It was a big deal. Hillary Clinton, the then-First Lady of the United States of America, had accepted an invitation from the Pueblo of Acoma to visit our ancestral homeland and to meet our people. Her visit, which had been in the works for more than a year, was included as part of a tour to highlight historical treasures in the South West, such as Mesa Verde and the Governor’s Palace in Santa Fe. In coming to Acoma, she would see not only a spectacular landscape and ancient dwellings, some nearly a thousand years old, but also a 380-year old Spanish mission and, most significantly, a vibrant and living Pueblo culture.
In the days and weeks before her visit, White House advance teams came through the Pueblo, giving me an insight into the careful planning that goes into travel by members of the First Family. Everybody was very friendly … and also very serious!
I was to meet the First Lady in Santa Fe at the home of the designer of the Sacagawea dollar coin. Before our meeting, I asked my wife, “How do you speak to such an important person? What is the right way to address the First Lady?” When we approached her, I introduced my wife and said “How are you, Mrs. Clinton?” She responded warmly, “Just call me Hillary.” Her welcoming manner put me at ease.
Hillary arrived at Acoma looking great in a cowboy hat and turquoise jewelry. One of the first things we did was tour Acoma Sky City, our ancestral mesa-top village. She saw the San Esteban del Reyn Mission, built in the 1600’s. A number of Acoma potters presented her with exquisite gifts of hand-coiled pottery and one of our dance groups performed for her.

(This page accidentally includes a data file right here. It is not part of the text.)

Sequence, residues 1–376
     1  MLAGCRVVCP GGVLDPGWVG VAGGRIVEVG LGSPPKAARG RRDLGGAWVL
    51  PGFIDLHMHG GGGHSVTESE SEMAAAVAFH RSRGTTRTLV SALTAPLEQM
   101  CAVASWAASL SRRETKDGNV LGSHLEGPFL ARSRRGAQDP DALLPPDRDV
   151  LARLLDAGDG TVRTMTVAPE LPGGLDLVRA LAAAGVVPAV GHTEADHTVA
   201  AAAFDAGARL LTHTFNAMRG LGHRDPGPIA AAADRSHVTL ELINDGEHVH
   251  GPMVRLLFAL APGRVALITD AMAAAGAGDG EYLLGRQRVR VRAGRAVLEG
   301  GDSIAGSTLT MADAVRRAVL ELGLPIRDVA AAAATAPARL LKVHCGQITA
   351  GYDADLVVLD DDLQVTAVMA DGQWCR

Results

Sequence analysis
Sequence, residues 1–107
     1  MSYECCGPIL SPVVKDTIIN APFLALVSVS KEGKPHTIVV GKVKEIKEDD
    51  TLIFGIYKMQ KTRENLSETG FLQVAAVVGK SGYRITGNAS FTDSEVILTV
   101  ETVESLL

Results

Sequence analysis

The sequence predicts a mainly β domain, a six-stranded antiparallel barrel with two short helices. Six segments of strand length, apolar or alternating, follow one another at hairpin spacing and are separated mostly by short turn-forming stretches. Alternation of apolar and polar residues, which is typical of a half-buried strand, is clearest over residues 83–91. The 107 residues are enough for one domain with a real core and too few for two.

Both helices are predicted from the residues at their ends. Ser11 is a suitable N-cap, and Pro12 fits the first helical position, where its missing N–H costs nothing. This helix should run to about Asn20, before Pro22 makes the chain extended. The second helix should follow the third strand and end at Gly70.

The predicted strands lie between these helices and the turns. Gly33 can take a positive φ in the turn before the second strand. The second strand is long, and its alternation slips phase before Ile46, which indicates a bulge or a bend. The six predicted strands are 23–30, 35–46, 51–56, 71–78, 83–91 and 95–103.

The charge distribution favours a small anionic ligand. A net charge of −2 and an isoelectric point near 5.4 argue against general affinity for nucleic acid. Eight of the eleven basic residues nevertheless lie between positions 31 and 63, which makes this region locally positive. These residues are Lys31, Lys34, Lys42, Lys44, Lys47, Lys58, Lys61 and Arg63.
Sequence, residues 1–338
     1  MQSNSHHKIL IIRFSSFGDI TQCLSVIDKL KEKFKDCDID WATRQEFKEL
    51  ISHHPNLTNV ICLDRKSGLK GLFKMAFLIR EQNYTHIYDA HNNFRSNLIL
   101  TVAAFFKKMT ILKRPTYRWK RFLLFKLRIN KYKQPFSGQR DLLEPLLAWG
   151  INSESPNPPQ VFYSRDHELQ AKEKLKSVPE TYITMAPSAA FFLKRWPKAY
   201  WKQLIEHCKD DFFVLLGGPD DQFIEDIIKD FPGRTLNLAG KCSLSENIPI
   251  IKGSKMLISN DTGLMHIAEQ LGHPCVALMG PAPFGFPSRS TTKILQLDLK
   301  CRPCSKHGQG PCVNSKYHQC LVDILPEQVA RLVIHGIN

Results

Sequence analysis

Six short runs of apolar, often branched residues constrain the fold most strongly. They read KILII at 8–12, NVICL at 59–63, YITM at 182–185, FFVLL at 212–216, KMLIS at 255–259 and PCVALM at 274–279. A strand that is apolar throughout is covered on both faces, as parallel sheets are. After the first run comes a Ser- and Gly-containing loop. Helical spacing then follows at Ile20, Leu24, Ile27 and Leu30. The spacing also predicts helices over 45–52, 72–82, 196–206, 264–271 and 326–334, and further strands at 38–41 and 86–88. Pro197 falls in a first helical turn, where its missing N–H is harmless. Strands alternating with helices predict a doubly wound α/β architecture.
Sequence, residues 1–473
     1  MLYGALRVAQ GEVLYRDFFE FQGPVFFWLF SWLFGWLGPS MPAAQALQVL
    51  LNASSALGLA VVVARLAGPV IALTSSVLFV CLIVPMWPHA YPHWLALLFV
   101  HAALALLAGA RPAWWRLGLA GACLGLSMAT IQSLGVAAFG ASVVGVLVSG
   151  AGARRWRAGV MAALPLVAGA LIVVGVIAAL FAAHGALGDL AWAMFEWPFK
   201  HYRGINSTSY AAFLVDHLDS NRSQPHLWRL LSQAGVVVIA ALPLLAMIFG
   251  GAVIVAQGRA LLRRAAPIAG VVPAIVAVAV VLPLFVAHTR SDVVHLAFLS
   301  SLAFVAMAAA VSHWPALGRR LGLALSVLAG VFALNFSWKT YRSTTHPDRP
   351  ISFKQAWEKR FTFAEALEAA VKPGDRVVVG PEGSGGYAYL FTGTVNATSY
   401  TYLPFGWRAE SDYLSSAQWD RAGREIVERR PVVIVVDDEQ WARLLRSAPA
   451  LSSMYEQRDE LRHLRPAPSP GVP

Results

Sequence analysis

But most memorable may have been when she met Concepcion Faustine, one of Acoma’s oldest and most beloved members. At that time, Concepcion was over 90 and was one of a handful of people who lived year-round on the mesa-top. Hillary and Concepcion embraced, with Concepcion giving a gentle kiss to Hillary’s cheek. In their embrace you could see two women, coming from very different worlds, bonding in a moment of love and appreciation for each other. It was beautiful.
At the foot of the mesa, nearly a thousand Native people waited for Hillary to speak. But first, she was greeted by the Acoma Dancers — a dance group made up of 3 and 4 year olds! Hillary is known for her long years of advocacy for children and families, but that is a very serious way to describe her love of kids. When she danced with the eagle dancers, you could see in her smile and laughter the delight she took in the love, energy and enthusiasm of our children.
Addressing the crowd, Hillary talked about the importance of preserving and protecting Native culture, "After all, at the time of the first millennium, you were the only Americans here…And when we talk about saving America's treasures, we have to begin by saving the first Americans' treasures." She went on to display a real understanding of our culture, "I know how deeply those of you who live here feel about your community … I could see it as I visited the school and saw the children learning their native pueblo language. I could see it as I toured the old pueblo and visited the mission…I know that living in the oldest continuous inhabited community in the entire United States is a great privilege."
I'm writing this piece because I want everyone to know that long before she became a senator, and long before she became secretary of state and long before she ran for president, Hillary cared about Native peoples and Indian Country. During her visit in 1999, I saw all the sides of Hillary come together – the loving person, the playful child, and the thoughtful adult who knows that we are here just for a time, that we are obligated to care for each other and that we must do our best to pass down what we were taught to a new generation. I am glad Hillary is running for President. Hillary is a good person. She possesses a deep understanding of and respect for Native peoples, our cultures and our important place in America's history and future. I believe she will make a great president!
Lloyd D. Tortalita served as the governor of the Pueblo of Acoma from 1999 to 2000.